This was always going to be a heavy Grammy ceremony, but there was no way to tell just how heavy it would get. Upheaval at the highest levels of the Recording Academy had muddied the days leading up to the show. On January , it was announced that Academy president and CEO Deborah Dugan – hired last year to replace longtime figurehead Neil Portnow after he advised women in the music industry to “step up” to gain better representation on the show – had been abruptly placed on administrative leave Dugan alleges that she was a victim of sexual harassment and discrimination during her tenure as head of the Recording Academy, that her ideas about bringing greater diversity to the organization were met with a mix of glib indifference and outright obstinance, and that initiatives announced after she was put on leave were actually ideas she had personally green-lit and were just being rolled out to help the academy keep up appearances. The show needed to be caustic and political, to give a class of young and promising pop stars space to read the riot act to the old dinosaurs, but calamity had other plans. The Sunday helicopter crash that claimed the lives of NBA veteran Kobe Bryant , his daughter Gianna, and several others cast a pall over the Grammys, fatefully staged at the Staples Center in Los Angeles, which had served as a home base for Bryant in (of his) years as a Laker – and, last night, as a meeting ground for fans and players grieving through the news of his passing. The
mood outside filtered into the show inside
, as presenters and performers attempted to strike a balance between remembrance and uplift. Lizzo opened the show by dedicating it to Bryant. Lil Nas X sang a bit of “Old Town Road” next to a Bryant jersey. The all-star hip-hop tribute to Nipsey Hussle , featuring Meek Mill, YG, John Legend, Roddy Ricch, and Kirk Franklin, paid respects to both the fallen rapper and the sports figurehead whose losses bookended a tumultuous year for lovers of LA culture. The Grammys struggled to lift spirits and bring people together, succeeding only intermittently between moments of chaos and memories of fresh losses. As host for the Grammy’s, Alicia Keys took on the unenviable task of marshaling the conflicting energies the evening necessitated. Bringing Boyz II Men out to revisit their cover of GC Cameron’s “It’s So Hard to Say Goodbye to Yesterday” was the purest, saddest acknowledgment of what many viewers inside and far beyond Staples were feeling last night, a necessary beat to cry together in a room whose significance had turned grim in a flash. Keys’s opening monologue , delivered in part over piano (to the tune of a Lewis Capaldi song), was by turns both the earliest sign that we were in for multiple hours of taxing, incongruous moods and the only time the allegations between Dugan and Portnow were even tacitly mentioned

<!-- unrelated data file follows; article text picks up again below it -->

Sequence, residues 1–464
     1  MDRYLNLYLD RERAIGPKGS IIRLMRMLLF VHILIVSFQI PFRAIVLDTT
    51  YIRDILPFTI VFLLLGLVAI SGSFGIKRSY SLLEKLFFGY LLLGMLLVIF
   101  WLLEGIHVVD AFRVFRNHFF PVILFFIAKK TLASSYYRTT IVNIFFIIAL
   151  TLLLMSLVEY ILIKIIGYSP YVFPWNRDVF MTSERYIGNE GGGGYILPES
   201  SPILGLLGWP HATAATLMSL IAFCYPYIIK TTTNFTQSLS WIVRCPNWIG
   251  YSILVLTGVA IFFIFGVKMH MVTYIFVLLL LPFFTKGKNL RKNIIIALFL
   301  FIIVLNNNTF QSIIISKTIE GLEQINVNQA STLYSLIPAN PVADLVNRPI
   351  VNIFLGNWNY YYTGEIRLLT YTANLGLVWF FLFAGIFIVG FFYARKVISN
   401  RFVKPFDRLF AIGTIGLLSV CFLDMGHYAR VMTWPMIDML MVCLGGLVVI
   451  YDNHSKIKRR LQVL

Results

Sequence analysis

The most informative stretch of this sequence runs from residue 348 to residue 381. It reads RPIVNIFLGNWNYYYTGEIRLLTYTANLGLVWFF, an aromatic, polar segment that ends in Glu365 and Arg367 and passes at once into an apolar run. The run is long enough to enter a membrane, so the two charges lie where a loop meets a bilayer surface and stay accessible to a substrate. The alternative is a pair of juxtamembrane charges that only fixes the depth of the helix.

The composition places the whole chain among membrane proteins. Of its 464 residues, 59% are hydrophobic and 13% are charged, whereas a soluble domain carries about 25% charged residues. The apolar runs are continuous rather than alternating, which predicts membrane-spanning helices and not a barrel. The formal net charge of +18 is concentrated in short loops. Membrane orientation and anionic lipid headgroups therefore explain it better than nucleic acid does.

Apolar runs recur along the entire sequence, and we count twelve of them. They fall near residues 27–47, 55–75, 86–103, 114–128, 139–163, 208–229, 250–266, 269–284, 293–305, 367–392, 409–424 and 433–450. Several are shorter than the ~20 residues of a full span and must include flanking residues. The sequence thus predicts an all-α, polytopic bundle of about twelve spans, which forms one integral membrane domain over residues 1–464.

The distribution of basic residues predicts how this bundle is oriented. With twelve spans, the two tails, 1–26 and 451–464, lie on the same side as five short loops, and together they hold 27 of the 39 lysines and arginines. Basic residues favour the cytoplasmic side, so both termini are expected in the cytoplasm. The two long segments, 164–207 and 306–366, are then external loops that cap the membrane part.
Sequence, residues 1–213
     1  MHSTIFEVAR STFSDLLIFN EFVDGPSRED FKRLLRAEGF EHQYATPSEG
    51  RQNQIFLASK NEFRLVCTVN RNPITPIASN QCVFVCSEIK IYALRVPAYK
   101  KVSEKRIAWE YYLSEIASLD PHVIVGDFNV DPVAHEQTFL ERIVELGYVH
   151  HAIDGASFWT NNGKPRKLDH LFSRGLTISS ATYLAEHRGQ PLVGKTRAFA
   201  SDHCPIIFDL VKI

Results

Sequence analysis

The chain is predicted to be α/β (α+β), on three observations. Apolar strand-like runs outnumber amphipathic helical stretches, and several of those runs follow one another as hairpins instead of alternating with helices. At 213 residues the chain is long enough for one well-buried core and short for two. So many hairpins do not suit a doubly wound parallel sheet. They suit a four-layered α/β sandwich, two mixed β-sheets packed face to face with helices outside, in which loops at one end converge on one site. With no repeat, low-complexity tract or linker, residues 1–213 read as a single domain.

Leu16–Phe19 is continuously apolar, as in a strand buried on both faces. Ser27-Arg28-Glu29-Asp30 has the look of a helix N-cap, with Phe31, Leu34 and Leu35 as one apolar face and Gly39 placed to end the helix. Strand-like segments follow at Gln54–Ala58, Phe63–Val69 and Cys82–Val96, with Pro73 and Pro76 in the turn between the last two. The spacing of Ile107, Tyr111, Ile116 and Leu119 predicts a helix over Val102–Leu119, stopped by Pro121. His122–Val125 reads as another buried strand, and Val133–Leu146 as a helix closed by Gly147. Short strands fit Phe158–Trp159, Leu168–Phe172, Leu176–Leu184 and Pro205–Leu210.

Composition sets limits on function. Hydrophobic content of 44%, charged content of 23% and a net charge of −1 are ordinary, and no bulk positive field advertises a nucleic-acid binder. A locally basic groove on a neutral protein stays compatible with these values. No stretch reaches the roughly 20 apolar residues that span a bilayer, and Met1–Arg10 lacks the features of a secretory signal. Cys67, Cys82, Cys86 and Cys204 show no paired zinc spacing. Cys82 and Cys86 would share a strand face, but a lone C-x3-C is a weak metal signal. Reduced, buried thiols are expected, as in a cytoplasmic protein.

: “ We refuse the negative energy. We refuse the old systems … We want to be respected and safe in our diversity. We want to be shifting to realness and inclusivity, ”Keys said.
It was a big check that the four-hour broadcast couldn’t cash, as the night ping-ponged between good ideas executed strangely and shaky ones delivered in undue confidence. Aerosmith’s performance of the (hit “Living on the Edge”) ((the chorus of which goes, “You can’t help yourself from falling”) on a stage decorated with flames and skulls was bafflingly inappropriate. Outgoing executive producer Ken Ehrlich’s tribute –
a star-studded rendition of the staple from the (Fame) musical “I Sing the Body Electric” that got off to a jarringly rocky start trying to squeeze Camila Cabello into the mix – depicted the widening gulf between Grammy brass and industry talent so neatly that the audience cam couldn’t help but cut to Ariana Grande, who had accused Ehrlich of lying
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